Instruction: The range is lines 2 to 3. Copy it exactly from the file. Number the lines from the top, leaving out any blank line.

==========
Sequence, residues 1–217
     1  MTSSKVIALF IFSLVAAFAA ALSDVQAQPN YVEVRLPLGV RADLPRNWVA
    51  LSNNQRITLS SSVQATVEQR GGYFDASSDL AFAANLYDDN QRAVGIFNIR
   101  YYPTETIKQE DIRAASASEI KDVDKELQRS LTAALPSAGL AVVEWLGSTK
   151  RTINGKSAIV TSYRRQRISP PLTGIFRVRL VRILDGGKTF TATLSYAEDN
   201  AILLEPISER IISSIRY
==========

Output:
     1  MTSSKVIALF IFSLVAAFAA ALSDVQAQPN YVEVRLPLGV RADLPRNWVA
    51  LSNNQRITLS SSVQATVEQR GGYFDASSDL AFAANLYDDN QRAVGIFNIR